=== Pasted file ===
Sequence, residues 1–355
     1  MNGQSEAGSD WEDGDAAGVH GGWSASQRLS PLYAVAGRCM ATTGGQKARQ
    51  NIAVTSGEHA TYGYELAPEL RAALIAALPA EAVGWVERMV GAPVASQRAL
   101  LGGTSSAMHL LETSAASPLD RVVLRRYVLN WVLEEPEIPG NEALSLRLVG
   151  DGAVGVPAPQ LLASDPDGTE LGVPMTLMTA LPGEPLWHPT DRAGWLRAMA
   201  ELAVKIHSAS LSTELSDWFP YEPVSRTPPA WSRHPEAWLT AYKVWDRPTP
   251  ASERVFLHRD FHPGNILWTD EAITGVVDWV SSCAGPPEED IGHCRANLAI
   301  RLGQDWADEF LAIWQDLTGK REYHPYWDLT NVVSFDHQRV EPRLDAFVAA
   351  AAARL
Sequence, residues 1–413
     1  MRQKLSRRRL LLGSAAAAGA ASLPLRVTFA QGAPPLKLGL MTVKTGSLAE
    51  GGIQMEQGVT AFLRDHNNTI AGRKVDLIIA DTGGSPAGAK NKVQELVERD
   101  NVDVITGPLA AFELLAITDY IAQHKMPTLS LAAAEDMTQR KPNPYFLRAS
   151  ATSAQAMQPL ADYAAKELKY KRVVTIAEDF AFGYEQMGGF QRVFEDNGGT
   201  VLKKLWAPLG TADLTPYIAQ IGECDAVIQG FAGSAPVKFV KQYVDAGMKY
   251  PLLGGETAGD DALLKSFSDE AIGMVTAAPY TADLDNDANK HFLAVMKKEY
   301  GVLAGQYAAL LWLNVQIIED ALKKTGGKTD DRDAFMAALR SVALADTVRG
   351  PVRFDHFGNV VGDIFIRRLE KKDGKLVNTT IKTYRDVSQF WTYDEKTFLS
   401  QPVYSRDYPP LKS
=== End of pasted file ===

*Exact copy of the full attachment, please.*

Sequence, residues 1–355
     1  MNGQSEAGSD WEDGDAAGVH GGWSASQRLS PLYAVAGRCM ATTGGQKARQ
    51  NIAVTSGEHA TYGYELAPEL RAALIAALPA EAVGWVERMV GAPVASQRAL
   101  LGGTSSAMHL LETSAASPLD RVVLRRYVLN WVLEEPEIPG NEALSLRLVG
   151  DGAVGVPAPQ LLASDPDGTE LGVPMTLMTA LPGEPLWHPT DRAGWLRAMA
   201  ELAVKIHSAS LSTELSDWFP YEPVSRTPPA WSRHPEAWLT AYKVWDRPTP
   251  ASERVFLHRD FHPGNILWTD EAITGVVDWV SSCAGPPEED IGHCRANLAI
   301  RLGQDWADEF LAIWQDLTGK REYHPYWDLT NVVSFDHQRV EPRLDAFVAA
   351  AAARL
Sequence, residues 1–413
     1  MRQKLSRRRL LLGSAAAAGA ASLPLRVTFA QGAPPLKLGL MTVKTGSLAE
    51  GGIQMEQGVT AFLRDHNNTI AGRKVDLIIA DTGGSPAGAK NKVQELVERD
   101  NVDVITGPLA AFELLAITDY IAQHKMPTLS LAAAEDMTQR KPNPYFLRAS
   151  ATSAQAMQPL ADYAAKELKY KRVVTIAEDF AFGYEQMGGF QRVFEDNGGT
   201  VLKKLWAPLG TADLTPYIAQ IGECDAVIQG FAGSAPVKFV KQYVDAGMKY
   251  PLLGGETAGD DALLKSFSDE AIGMVTAAPY TADLDNDANK HFLAVMKKEY
   301  GVLAGQYAAL LWLNVQIIED ALKKTGGKTD DRDAFMAALR SVALADTVRG
   351  PVRFDHFGNV VGDIFIRRLE KKDGKLVNTT IKTYRDVSQF WTYDEKTFLS
   401  QPVYSRDYPP LKS